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TODAY contributor , Melissa Allison, recently covered the story of the fate of a Seattle house that reminds everybody of the home from Up, the 2009 animated Disney/Pixar movie. Allison is a real estate writer for Zillow and serves on the In The Forefront advisory board for suicide prevention. TODAY is a leading source for the latest news stories.

After controversy, Seattle’s ‘Up’ house to be donated to charity

suggested donation levels

By Melissa Allison | TODAY | 8/03/15

The Seattle house that stayed put while big-box stores went up around it, reminding everyone of the movie “Up,” is finally preparing to float away.

After years in limbo, the home is now set to be donated to a charity that plans to move the house and preserve it, the Seattle Post-Intelligencer (P-I) reports.

The “Up” house, as it’s known nationally, belonged for decades to Edith Macefield, who refused to budge when developers started turning her block into a mall. She reportedly received offers as high as $1 million.

Since then, the home has been sold, foreclosed, put up for auction, and now — according to real estate broker Paul Thomas’ website — is being donated “with a preference to nonprofit organizations.”

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Suggested Donation Levels Motivate Supporters and Increase Online Giving Size

OPAL Community Land Trust was chosen as the nonprofit organization to receive the donation of the Edith Macefield House, also known to many as the “Up” house.

As a way to motivate donors to help them raise the money they need to move the Up house to its new location, OPAL created suggested donation level rewards, a strategic combination of reasonable donation amounts and sentiment-filled goodies and experiences, that will not cost the organization very much to produce or send.

Once the house is moved, top tier supporters will not only receive permanent recognition for their contribution right in front of the home, they will also enjoy the privilege of spending a half day restoring the house and then attending a Welcome party on beautiful Orcas Island, where the renovated house will be located.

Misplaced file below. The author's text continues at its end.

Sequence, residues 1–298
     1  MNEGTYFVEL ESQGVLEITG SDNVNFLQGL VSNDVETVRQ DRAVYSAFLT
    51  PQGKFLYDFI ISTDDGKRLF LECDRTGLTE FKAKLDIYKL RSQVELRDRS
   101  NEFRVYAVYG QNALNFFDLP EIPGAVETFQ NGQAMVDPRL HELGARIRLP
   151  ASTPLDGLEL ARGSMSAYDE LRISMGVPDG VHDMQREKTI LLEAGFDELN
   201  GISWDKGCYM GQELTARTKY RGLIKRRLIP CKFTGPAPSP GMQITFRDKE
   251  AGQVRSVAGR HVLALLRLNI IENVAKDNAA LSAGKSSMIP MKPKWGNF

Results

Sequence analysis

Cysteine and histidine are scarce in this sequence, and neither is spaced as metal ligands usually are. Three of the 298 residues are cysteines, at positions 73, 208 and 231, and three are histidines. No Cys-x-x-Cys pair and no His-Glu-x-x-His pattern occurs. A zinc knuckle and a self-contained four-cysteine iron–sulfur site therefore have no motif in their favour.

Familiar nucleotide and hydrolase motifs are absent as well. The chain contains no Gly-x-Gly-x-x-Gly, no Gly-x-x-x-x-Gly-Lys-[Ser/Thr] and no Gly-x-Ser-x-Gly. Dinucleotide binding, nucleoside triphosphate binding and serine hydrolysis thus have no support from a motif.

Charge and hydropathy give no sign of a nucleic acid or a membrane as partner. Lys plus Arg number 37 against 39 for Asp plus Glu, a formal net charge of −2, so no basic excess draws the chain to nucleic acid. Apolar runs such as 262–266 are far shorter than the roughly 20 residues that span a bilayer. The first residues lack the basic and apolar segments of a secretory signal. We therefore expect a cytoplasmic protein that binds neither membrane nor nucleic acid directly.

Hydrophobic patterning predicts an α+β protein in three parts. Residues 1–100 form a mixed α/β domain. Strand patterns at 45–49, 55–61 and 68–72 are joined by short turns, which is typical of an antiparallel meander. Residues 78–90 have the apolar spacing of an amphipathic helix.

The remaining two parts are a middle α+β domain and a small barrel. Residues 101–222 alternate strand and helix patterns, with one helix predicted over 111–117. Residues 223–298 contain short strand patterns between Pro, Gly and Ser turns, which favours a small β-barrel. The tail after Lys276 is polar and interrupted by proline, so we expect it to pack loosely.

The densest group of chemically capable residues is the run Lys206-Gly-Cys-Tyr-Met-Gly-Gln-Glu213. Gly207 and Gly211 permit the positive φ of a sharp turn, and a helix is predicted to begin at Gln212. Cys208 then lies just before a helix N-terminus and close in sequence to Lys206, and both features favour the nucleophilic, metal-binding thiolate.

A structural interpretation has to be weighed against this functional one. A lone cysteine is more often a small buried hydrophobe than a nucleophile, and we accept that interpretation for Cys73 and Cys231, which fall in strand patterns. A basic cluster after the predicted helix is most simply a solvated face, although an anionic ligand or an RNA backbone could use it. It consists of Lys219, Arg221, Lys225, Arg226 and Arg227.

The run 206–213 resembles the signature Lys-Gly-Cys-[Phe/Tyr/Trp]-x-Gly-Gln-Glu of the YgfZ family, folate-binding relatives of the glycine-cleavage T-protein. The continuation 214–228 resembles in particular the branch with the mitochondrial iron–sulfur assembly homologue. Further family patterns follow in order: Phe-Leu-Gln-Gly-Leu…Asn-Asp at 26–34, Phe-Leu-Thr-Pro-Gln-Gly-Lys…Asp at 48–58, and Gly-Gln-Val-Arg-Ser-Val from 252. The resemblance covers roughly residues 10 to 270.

suggested donation levels2 Ways to Use Suggested Donation Levels

What specific goal do you have in mind for creating your suggested donation levels? Your answer can help you determine your organization’s donor reward strategy.

1. Reward levels
Creative rewards–such as branded items, public/personal recognition, handwritten Thank You notes, exclusive videos, and events or experiences–can pique the interest of some donors, motivating them to  potentially give bigger amounts.

Better yet, encourage supporters to crowdfund towards their goals to attract many smaller contributions from a greater number people, up to 60% of them who will be introduced to your cause for the first time.

2. Member/Club levels
This option is great for securing repeat donations and building long-term relationships with constituents. Start by assigning club names to each level, specifying the impact of the repeated gift, and thank your donors with on-going exclusive events and opportunities for them to be directly involved with your cause.

Remember, it’s perfectly okay to launch your fundraising campaign with one set of tiers and then add more levels as interest in your efforts grow.

Regardless of the approach your nonprofit decides to take, one benefit of creating levels is the power they have to influence the donor by highlighting for them exactly what their gift will accomplish. For example, if a $10 donation can provide a week’s worth of groceries for a small family, but $20 can feed them for a month, a donor might be motivated to increase their gift to make a bigger impact.

Set suggested donor levels to define contribution goals that will motivate your supporters to help your organization reach those targets and to thank them with tangible gifts for each tier of giving or details about the specific impact their contribution will make your cause. 

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